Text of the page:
Microsoft Office 365 offers cloud computing with a number of affordable plans for businesses of all sizes. It’s a major overhaul for the recognized platform which a multitude of firms already rely on and the business packages in particular aim to make file sharing and collaboration easier in the workplace.
Microsoft needed to make big changes after the poor reception of Windows 8 and the rise of free alternatives like Google Drive. Office 365 needs to find the right balance between advanced features and solid performance if Microsoft can expect business owners to keep paying up. So what does 365 offer?
Office 365 for business.
Small businesses have a number of options available that start at £3.10 a month per user. This gets you 365 Business Essentials, which only covers the online Office Apps, 1TB of cloud storage and 50GB space for emails. Moving up the ranks is Office 365 Business that comes with Word, Excel, Powerpoint, OneNote, Outlook, Access, Publisher and Lync. The difference is you can download all of these apps on up to five PCs or Macs per user.
Office 365 Business Premium combines the Business and Business Essentials into a single package.
Larger companies will be better suited to Office 365 Enterprise, which includes all the features of Office 2013 with added protection and security features. It also comes with Yammer integration for businesses with social collaboration needs and the option to buy the Project Online service. Office 365 Enterprise E3 costs £14.70 a month per user with an annual commitment upon sign-up.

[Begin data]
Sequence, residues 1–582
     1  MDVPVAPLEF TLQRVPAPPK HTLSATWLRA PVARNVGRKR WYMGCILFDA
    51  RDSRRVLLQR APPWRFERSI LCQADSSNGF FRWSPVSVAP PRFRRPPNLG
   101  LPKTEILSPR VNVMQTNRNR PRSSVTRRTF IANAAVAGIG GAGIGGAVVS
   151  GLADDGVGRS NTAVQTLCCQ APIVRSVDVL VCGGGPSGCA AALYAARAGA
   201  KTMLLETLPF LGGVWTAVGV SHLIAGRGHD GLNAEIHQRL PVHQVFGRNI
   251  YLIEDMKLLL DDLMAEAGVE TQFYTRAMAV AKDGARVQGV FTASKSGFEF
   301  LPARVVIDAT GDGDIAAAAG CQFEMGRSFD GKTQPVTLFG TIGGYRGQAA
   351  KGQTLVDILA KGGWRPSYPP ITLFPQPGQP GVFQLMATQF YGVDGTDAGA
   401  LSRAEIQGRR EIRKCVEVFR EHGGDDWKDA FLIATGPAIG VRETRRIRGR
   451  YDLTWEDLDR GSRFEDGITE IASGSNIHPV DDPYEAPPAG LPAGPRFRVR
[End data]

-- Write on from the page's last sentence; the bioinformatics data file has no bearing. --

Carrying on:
Performance and usability.
Moving Office to the cloud is a big step for Microsoft, but with new technology you normally have to accept bugs and performance issues. And although the first editions of Office 365 aren’t flawless, Microsoft has done incredibly well to make the transition so smooth.
The biggest frustration with Office 365 is OneDrive online, where performance can be patchy. The online application doesn’t always load first time and the file sharing functions aren’t as intuitive as you would like. Much of this carries over to the web apps too and even creating a Word document online can be sluggish for older or lower spec devices.
It’s a little frustrating, but not a major blow unless you rely on the web apps for your workflow. Take things offline and Office 365 does everything you need it to and more. The native apps work as you would expect but the offline OneDrive app makes sharing files from devices a breeze and you rarely need to use the online apps to create documents. What they do allow you to do is open files on devices that don’t support Office so you can view, share and even edit them – ideal for Android devices in business meetings, for example.
What’s the verdict?
The Office 365 business packages are incredible value – especially with Lync, SlideShare and Exchange Online bringing a host of features that help businesses create and share content more effectively. Performance isn’t perfect, but it’s an impressive first effort from Microsoft and the subscription process means you’re always inline for updates.